Death. It comes to us all. No get out of heaven or hell free card. And no matter how much we acquire or how many thousands of dollars we accumulate we cannot take it with us. This, I believe, is something Alan Sharp knew intrinsically.
I first met Alan when I was seven months pregnant. We arranged to meet in a café in the Waverley Market in Edinburgh and began to get to know one another as soon-to-be (almost) in-laws. Had his son and I married, Alan would have been my father-in-law. Either way, he was my daughter’s grandfather and that connection brought us together in the summer of ’89.
Aside from meeting the mother of his unborn grandchild, Alan had other business in town and was scheduled to give a couple of talks at the Filmhouse during the 1989 Edinburgh Film Festival. Highly regarded as a screenwriter, Alan began his career with The Last Run (1971), directed by Richard Fleischer (20,000 Leagues Under the Sea) and starring George C. Scott. Four more movies followed in relative quick succession: The Hired Hand (1971), a western directed by and starring a post-Easy Rider Peter Fonda; Ulzana’s Raid (1972) with Burt Lancaster; Billy Two Hats (1974) with Gregory Peck; and Arthur Penn’s Night Moves (1975) with Gene Hackman as a gumshoe detective.
Knowing his celluloid history, I was slightly nervous at the prospect of meeting the man who’d worked with such iconic actors. What I found, however, was a man more interested in discussing newborn baby needs than his own successes.
Alan worked in the film industry for 40 years, writing and rewriting scripts, a good number of which went on to production even though the pace slowed, with his next most notable film being Sam Peckinpah’s The Osterman Weekend (1983) with John Hurt, Dennis Hopper and Burt Lancaster. Screenwriting is a unique business in that the writer gets paid for completed drafts whether or not the movie is made, and the factors governing its fate go far beyond the quality of the script itself. Alan explained that because of this he always wrote the first draft for himself, slotting in lines that he liked time after time, but when it came to the second draft he was more than happy to comply with producers’ wishes to “put the door here and the windows over there.” And once he’d finished the final draft he’d let go. If the movie was produced it was a bonus, in both senses of the word.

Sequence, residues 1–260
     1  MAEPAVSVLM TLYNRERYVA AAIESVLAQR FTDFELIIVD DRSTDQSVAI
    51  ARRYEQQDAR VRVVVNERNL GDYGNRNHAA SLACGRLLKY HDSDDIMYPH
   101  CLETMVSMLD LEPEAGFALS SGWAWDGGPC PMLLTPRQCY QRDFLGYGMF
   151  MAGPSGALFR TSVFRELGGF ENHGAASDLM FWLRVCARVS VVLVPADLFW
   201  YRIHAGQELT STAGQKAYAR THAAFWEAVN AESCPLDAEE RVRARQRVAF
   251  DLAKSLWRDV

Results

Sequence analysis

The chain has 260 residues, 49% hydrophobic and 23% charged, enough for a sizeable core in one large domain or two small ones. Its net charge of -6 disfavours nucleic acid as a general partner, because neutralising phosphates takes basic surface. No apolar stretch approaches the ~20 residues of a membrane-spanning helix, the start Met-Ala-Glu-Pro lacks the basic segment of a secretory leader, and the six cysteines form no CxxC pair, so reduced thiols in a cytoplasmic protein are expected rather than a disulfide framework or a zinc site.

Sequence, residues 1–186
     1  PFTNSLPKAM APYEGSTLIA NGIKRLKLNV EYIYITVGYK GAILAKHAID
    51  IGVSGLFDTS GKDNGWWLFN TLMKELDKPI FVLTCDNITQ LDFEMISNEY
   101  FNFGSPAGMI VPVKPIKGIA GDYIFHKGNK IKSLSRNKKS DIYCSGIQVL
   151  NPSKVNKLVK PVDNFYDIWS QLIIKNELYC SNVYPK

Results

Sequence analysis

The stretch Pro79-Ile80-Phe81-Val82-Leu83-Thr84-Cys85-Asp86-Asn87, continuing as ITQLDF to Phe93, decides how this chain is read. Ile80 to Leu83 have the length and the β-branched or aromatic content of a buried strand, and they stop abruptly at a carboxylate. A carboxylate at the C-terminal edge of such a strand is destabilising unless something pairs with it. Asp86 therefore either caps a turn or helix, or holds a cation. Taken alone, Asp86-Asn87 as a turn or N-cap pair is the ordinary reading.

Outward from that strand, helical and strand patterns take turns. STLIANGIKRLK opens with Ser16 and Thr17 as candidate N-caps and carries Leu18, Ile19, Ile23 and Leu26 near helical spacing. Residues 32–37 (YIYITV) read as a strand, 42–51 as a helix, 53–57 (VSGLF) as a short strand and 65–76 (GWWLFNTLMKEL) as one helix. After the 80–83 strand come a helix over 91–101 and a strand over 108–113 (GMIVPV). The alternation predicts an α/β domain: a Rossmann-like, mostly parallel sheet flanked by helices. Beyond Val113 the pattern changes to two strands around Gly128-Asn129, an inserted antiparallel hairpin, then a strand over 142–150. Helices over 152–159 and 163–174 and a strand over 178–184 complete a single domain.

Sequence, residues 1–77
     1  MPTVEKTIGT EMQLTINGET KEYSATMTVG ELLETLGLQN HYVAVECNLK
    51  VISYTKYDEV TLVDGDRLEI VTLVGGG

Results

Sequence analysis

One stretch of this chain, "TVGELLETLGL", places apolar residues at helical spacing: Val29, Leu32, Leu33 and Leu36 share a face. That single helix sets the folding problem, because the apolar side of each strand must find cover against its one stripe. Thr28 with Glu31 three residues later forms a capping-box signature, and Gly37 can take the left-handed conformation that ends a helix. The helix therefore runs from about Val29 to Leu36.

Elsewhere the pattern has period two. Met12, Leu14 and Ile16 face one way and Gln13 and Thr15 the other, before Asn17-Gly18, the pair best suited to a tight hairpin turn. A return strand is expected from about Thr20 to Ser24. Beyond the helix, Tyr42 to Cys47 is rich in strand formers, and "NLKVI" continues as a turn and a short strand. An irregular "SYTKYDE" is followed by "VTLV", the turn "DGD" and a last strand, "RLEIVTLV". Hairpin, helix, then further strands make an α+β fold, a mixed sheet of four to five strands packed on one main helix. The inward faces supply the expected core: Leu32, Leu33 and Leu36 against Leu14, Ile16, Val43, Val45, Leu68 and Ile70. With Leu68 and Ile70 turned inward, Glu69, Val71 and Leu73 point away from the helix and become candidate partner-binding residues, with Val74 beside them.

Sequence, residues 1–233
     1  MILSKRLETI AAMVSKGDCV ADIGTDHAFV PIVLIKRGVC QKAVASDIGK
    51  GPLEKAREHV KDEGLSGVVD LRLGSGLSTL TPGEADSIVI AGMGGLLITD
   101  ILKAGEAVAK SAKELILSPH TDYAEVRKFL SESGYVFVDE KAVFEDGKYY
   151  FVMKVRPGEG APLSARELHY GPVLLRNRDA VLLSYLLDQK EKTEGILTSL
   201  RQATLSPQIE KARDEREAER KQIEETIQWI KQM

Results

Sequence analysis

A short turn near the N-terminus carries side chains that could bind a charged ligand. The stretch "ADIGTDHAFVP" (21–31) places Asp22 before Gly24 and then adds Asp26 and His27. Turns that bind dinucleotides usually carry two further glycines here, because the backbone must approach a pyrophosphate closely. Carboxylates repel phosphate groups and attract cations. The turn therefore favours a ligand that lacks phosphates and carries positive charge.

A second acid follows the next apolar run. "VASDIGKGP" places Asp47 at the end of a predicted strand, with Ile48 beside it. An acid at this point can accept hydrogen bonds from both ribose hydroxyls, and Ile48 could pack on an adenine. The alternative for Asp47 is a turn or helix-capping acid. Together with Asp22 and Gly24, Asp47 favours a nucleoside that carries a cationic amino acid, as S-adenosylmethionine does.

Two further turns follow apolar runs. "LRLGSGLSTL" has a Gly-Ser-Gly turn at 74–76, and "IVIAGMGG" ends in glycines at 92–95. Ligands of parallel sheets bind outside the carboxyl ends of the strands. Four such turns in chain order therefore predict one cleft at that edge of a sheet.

Born in Alyth, Scotland in 1934, Alan was adopted by a couple from Greenock on the banks of the Clyde. There he worked in the shipyards before marrying his first wife, with whom he had two children. Lured by London and a desire to write he left his young family and headed off “down the road”. In London he wrote a number of plays which were produced by the BBC and ITV, as well as two novels — A Green Tree in Gedde (1965) and The Wind Shifts (1967) — two-thirds of an unfinished trilogy. He won the Scottish Arts Council Award for the first novel, but the writing of the third book was interrupted by an even greater lure of screenwriting in L.A.
During his years in London Alan had two relationships that resulted in two more children, one with my daughter’s grandmother in Scotland and the other with the writer Beryl Bainbridge. Beryl wrote about her relationship with Alan in the book Sweet William, which was later made into a movie with the same title starring Sam Waterston and Jenny Agutter. In talking about the book, Alan said Beryl swore the story was a true depiction of their relationship, he swore not. The truth, I expect, lay somewhere in between with facts being fictionalised to create a suitable narrative. One true element of the story, even if details were in fact fictionalised, was that Alan had had an affair with Beryl’s friend, whom he later married. Living in L.A. with his new wife he had yet two more children, making a total of six by four women. Depending on your viewpoint, Alan was either a rake or an incorrigible lover of women.